Getting Happy... when you wish you were dead

"Hall. Time for court."

Again with being shackled and escorted to the courtroom. There are only two of us this time, and I also have a public defender this time. His name is William.

The process in the courtroom is swift this time. Because I wasn't able to pay the bail, William gets me released on my own recognizance. That's cool, although I'm still pretty miffed at having had to be in jail for twelve days just because no one would get my wallet.

"Hall. Time for you to go." It has been several hours since I came back from the courtroom. I never did find out why it took so long, but at least I'm free. As I'm changing back into my own clothes, one of the guards asked me about my plans.

"Do you have a place to stay?"

"No, I don't. I don't know what I'm going to do."

The guard handed me a pamphlet and explained the PADS program. "This is someplace you can stay. They'll give you supper, a place to sleep, and I think they give you breakfast, too. It's at a different church every night, so that pamphlet tells you where to go."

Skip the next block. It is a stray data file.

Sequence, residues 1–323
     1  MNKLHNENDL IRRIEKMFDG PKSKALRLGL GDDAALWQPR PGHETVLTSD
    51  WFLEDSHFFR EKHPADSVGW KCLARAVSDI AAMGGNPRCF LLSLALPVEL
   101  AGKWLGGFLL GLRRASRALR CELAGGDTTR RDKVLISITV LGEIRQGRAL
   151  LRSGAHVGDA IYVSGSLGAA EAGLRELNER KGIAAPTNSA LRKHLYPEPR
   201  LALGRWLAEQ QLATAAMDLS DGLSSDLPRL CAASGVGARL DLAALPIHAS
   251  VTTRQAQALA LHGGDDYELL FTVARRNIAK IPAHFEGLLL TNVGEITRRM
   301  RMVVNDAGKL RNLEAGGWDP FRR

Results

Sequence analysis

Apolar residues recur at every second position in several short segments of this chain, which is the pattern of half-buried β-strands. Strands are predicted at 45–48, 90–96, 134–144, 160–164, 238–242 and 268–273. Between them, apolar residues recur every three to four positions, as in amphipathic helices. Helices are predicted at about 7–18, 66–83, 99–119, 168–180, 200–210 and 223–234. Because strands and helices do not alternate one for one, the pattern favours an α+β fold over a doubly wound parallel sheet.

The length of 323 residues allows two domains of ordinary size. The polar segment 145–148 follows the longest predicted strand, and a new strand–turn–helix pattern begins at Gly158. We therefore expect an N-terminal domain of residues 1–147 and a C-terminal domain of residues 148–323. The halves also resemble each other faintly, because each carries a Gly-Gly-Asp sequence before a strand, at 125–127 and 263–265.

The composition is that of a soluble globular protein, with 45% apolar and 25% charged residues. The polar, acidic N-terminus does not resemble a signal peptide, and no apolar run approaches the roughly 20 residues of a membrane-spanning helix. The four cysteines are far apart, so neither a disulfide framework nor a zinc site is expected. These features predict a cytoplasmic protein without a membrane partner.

"Okay," I say with hesitation. Being homeless is never fun. "It's better than sleeping outside, right?"

"That's probably a good way to look at it."

"Listen. This order of protection says I can arrange to go to the house to get clothes and stuff. Do I go to the Sheriff's office to arrange that?" The Sheriff's office is across the street from the courthouse and jail.

"Yep. Just walk in, explain what you need, and they'll help you set it up."

"Okay. Thanks. Is that it? Can I leave now?"

As easily as I was arrested, I was released. Free to walk the streets and do as I please. Naturally I went straight across the street to the Sheriff's office. I only had the clothes on my back, so I needed some clean stuff from home.